And by the way Mission Park had a similar room, which had all of these things. Lion Dance class too. The class wasn't that popular, but I think in Tai Tung they could make it work because there are so many residents or people with ties to those projects who could put together a group. Wouldn't that be cool? I just feel like that space, despite the fact that we could never turn a profit was meant to be a tea drinking old men chilling outside and youth running around Moh Goon that made the community safer and also brought outsiders in, in a good way. I mean, if the classes were super cheap or even free or crowdfunded you could have all these students join and also all the rich people gentrifying the neighborhood could mingle with some residents.. and when you have mingling like that, people can come together and get things done. It could be Mah Jong (in a more benign way than gambling) or chess or music or Kung Fu or anything. It doesn't really matter. Yeah there are a lot of community spaces already. But with the increase of residents... isn't there always a need for more?

Monday, May 9, 2016

Language and Communications Access for City Services

On May 10 their going to hold a hearing on Tuesday May 10 about this at City Hall. It was sponsored by Michelle Wu and Timothy McCarthy. Lydia Lowe e-mailed me a PDF and I really wish I knew how to just paste the image up here on the blog. But then I probably wouldn't even read it myself. I guess anyone can go to this thing. For me this highlights an issue that is actually more technological than cultural. I mean in a world with Google Translate and all that, why is this even an issue? I mean government especially local government.. especially Boston is SOOO far behind the private sector when it comes to the type of technology being used and also just the mindset. Individuals are catching up yes. And yeah you can Tweet to 311 and stuff like that. In fact you can Tweet to Michelle Wu and Marty Walsh.. and they'll respond! But as a system, whether it is housing or our schools I think you can see that  a lot of the way things are done hasn't changed since the 50's

The elderly and especially Chinese elderly supposedly are not online etc. But the 50 somethings all have "we chat"  I don't know what other social media type things there are in other countries because I am not that hip myself. There is LINE in Japan and I heard Wassup is big in Brazil. (AKA sup) I mean probably you would have an intern handle such a thing, getting the word out to constituents etc. Or maybe you go through Community organizations like the CPA.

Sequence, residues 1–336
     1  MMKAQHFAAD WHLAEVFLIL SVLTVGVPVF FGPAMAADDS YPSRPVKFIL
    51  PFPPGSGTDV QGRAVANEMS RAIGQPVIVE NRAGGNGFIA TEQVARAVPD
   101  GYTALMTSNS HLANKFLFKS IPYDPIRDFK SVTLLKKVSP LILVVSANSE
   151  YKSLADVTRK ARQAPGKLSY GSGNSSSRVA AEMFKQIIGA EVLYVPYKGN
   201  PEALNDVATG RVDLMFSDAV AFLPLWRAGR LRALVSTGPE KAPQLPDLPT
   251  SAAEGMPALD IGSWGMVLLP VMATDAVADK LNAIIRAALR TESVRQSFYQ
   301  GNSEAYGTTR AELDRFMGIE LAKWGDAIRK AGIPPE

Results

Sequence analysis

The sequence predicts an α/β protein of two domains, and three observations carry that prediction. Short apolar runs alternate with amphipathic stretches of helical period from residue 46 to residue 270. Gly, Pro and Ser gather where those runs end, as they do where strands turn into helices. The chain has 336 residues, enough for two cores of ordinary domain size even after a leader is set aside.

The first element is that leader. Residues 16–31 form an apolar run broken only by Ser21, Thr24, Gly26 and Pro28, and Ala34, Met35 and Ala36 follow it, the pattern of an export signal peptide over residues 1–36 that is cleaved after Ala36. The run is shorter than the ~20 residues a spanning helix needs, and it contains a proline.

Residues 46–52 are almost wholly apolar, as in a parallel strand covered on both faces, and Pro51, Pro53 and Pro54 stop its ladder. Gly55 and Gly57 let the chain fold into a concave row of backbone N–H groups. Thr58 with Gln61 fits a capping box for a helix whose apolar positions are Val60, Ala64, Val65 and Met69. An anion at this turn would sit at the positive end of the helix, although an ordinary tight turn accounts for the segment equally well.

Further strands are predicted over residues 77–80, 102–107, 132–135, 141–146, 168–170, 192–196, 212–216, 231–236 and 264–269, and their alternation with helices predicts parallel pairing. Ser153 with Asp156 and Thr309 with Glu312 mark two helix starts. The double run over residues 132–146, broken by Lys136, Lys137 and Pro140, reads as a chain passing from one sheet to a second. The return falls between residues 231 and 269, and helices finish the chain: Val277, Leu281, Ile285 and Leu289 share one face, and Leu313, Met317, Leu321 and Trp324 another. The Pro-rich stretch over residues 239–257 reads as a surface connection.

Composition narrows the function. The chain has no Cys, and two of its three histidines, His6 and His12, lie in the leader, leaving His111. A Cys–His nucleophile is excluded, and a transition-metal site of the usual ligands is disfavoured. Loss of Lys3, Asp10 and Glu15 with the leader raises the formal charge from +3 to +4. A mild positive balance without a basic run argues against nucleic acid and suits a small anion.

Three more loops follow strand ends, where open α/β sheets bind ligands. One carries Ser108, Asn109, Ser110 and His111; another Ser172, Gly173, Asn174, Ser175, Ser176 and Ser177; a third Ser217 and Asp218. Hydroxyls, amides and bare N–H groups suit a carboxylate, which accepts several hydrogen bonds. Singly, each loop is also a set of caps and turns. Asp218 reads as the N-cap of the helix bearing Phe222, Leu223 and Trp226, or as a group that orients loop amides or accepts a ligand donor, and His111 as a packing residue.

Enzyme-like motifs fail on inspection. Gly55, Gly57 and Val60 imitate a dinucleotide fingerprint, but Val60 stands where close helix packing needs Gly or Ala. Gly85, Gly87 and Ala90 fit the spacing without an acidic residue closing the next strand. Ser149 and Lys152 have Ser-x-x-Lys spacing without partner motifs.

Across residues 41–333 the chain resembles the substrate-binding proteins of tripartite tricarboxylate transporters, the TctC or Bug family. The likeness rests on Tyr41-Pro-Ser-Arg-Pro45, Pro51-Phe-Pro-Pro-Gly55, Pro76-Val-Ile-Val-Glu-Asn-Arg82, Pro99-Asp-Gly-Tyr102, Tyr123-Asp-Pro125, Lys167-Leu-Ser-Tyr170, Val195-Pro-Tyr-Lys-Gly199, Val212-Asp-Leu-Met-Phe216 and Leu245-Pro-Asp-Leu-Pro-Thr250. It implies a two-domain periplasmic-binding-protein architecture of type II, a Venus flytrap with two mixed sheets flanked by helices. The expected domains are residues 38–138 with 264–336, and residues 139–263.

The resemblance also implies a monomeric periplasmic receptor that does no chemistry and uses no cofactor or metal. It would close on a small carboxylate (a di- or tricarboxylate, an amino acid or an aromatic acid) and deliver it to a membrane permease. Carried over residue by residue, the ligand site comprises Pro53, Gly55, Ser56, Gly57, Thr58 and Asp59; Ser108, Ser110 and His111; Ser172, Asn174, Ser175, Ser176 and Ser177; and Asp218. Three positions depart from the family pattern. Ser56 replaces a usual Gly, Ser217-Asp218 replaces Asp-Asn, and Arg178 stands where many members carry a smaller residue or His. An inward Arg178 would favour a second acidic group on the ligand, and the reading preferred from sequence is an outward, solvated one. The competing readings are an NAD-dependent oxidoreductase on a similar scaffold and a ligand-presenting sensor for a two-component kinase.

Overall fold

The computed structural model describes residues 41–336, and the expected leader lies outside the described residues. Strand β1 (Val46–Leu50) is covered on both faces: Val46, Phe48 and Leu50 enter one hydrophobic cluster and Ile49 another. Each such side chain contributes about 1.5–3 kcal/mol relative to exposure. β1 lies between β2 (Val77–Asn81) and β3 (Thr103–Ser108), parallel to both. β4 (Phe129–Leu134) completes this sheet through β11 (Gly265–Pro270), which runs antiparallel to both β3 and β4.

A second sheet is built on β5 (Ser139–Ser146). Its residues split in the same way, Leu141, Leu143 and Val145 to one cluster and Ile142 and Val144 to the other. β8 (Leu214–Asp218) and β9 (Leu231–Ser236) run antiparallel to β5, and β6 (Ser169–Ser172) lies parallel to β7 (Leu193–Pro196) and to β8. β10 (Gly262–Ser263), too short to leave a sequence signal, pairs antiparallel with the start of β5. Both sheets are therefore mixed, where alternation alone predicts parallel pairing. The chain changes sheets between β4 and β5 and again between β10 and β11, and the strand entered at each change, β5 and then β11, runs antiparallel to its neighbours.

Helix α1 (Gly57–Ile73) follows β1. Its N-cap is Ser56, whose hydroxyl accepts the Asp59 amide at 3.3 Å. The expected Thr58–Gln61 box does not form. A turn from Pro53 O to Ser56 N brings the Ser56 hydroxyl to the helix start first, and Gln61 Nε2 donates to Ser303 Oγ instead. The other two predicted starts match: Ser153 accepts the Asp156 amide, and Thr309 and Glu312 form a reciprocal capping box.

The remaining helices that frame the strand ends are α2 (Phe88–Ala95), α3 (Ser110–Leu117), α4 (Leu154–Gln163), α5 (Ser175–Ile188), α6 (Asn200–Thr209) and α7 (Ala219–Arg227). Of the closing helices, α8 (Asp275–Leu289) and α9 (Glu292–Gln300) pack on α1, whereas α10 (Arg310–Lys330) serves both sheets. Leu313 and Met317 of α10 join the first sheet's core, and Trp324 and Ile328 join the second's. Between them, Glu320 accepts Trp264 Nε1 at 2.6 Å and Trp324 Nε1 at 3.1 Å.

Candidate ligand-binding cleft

Should there be someone working for the City that handles all these things? If there is.. are they any good? Maybe there should be more of a relationship between the City and certain parts of the Private sector. These are all issues that are probably complicated and potentially dangerous, and if not, will be seen that way at any rate.

Well if you are reading this in English, chances are you haven't had trouble with access to city services due to language barriers. And to turn the criticism inward, I am the Chinatown Blog guy but I do not have We Chat. And I can't write this post in Chinese. So I guess tell your friends and parents who have had issues. I definitely can't make this hearing.

New Playground by the Chinatown Gate

(Photo credit: Linda See)

Hurray! They are putting in a new playground by the Chinatown Gate. Apparently kids play here all the time so they might as well have something to play on. Of course this is also right near the highway basically and there has been some concern about the Reggie Wong basketball court being one of the unhealthiest air quality courts in the City. Come to thing of it.. JQS Upper school Basketball court also near train tacks and a busy street. But what are you going to do? In the case of this playgrund at least there are trees there and as those grow and fill out that should help.

Better not to know

I was talking to an old timer in Chinatown about my blog and he was telling me that some things are better not only not to write... but not know. Basically because if you know than you will become a target. If you actually write about it... then you will really become a target. He mentioned that a white guy had actually written a book about San Francisco's Chinatown. He said he was involved in gang activity under Shrimp Boy but since he was white, nobody believed his story but at that same time, people who knew it was true wanted to attack him. And that actually San Francisco, New York, Boston's Chinatown... they are all inter-related. There is so much corruption and shady stuff going down... that it's just better to keep you head down so you don't become a target.